ON MY MIND
Contrary to popular belief, we're not reliving the Cold War. Instead, we appear to be reliving an attempt by Russia to reestablish the Holy Alliance.
In an insightful piece featured below, Vladislav Inozemtsev argues that the lessons of the mid-19th century are at least as relevant for today's confrontation between Russia and the West as the 20th-century superpower standoff.
According to Inozemtsev, "the adversarial relationship between Russia and the West began over a century before the Cold War" when Russia emerged as the most conservative of the victors in the Napoleonic wars, formed the Holy Alliance with Austria and Prussia, and attempted to be the gendarme of Europe.
Then, as now, Russia presented itself as the guardian of traditional values fighting the spread of liberalism. Then, as now, Russia was concerned with suppressing democratic revolutions, crushing rebellions in Poland in 1830-31 and Hungary in 1848-49. And then, as now, when Russia's antirevolutionary zeal turned much of Europe against it, it appealed to the Orthodox Christian populations of the Balkans.
But then, unlike now, Russia has at least the tacit support of two of Europe's strongest monarchies, Austria and Prussia. Today, it has to settle for the support of Marine Le Pen and Viktor Orban.
IN THE NEWS
A top U.S. State Department official has warned that Russia is deepening efforts to influence Balkans politics, including encouraging the Serb-dominated part of Bosnia-Herzegovina to secede.
The Canadian government will back imposing sanctions on officials from Russia and other nations deemed guilty of human rights violations, Foreign Minister Chrystia Freeland announced on May 17.
The United States should impose new sanctions and move more aggressively to "shape Russian thinking" in response to Moscow’s actions in Ukraine and elsewhere, former top State and Defense department officials said.
Lithuania's foreign minister says the Baltic nation has given refuge to two gay men from Chechnya following reports of a campaign of torture and abuse against homosexuals in the southern Russian region.
Russian opposition leader Aleksei Navalny says he has had to postpone the opening of his election campaign headquarters in Moscow.
Vladimir Putin says that Moscow is prepared to provide a record of a White House meeting in which U.S. President Donald Trump reportedly shared classified intelligence with Russian Foreign Minister Sergei Lavrov.
The Georgian Foreign Ministry summoned the European Union's ambassador on May 17 to complain about what it said were inappropriate comments by an EU envoy during a visit to breakaway South Ossetia.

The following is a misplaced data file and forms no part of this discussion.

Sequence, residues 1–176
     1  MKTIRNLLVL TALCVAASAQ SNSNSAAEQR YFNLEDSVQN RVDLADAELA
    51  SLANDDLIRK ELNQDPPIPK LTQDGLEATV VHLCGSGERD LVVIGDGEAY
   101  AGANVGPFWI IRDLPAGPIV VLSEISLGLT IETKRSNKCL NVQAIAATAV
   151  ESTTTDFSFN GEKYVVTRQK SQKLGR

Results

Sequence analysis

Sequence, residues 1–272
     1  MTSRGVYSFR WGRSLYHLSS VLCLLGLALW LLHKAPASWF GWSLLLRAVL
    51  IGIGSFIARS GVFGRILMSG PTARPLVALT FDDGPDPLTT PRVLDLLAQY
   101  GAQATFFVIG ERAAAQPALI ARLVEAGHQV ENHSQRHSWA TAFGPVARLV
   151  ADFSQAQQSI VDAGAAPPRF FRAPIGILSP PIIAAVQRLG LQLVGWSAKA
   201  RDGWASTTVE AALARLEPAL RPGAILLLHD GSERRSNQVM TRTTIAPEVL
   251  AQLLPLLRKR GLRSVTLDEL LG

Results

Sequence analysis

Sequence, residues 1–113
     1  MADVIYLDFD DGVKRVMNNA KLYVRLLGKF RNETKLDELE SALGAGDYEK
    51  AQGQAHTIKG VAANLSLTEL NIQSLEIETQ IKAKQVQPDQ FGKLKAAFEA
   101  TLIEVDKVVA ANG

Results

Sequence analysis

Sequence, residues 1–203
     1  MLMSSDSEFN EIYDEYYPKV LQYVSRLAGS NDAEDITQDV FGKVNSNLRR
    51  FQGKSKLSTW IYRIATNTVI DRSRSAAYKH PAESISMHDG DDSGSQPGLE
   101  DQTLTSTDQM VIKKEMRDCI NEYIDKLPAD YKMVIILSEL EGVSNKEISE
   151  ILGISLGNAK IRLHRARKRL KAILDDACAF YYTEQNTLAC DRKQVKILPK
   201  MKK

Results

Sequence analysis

WHAT I'M READING
Russia's Long War On Liberalism
In a piece for Project Syndicate, Russia's Cold War Habit, economist and political analyst Vladislav Inozemtsev looks at the 19th-century roots of Russia's war on modern liberalism.
The War In The Donbas
How much leverage does Russia have over pro-Moscow separatists in eastern Ukraine? Former U.S. State Department official Donald Jensen, a senior fellow at the Center for Transatlantic Relations at Johns Hopkins School of Advanced International Studies, and a senior adjunct fellow at the Center for European Policy Analysis, takes a look in a report for the NATO Defense College.
In a piece on the Carnegie Europe website, Gwendolyn Sasse, director of the Berlin-based Center for East European and International Studies, argues that "people living through the war in eastern Ukraine are not characterized by clear-cut ethnic or political identities."
And in The Daily Beast, journalist Anna Nemtsova looks at Ukraine's war orphans.
Can Ukraine Reform?
In The New York Review of Books, Tim Judah asks, Will Ukraine Ever Change?
Ukraine And Russia's Social Networks
In his column for Bloomberg, political commentator Leonid Bershidsky looks at Ukraine's decision to block Russian social-networking sites.
And in his column for Republic.ru, opposition journalist Oleg Kashin argues that the move illustrates the end of solidarity between Russian liberals and Ukraine.
Russia And North Korea
In another column, Bershidsky explains why "the key to North Korea is Russia."
Pop Against Protests
Meduza and Dozhd-TV are reporting that Kremlin loyalists paid Russian pop star Alisa Vox 2 million rubles ($35,000) to appear in an antiprotest music video.
China, Russia, And The Silk Road
In The Jamestown Foundation's Daily Monitor, Stephen Blank looks at Russia's reservations about China's Silk Road project.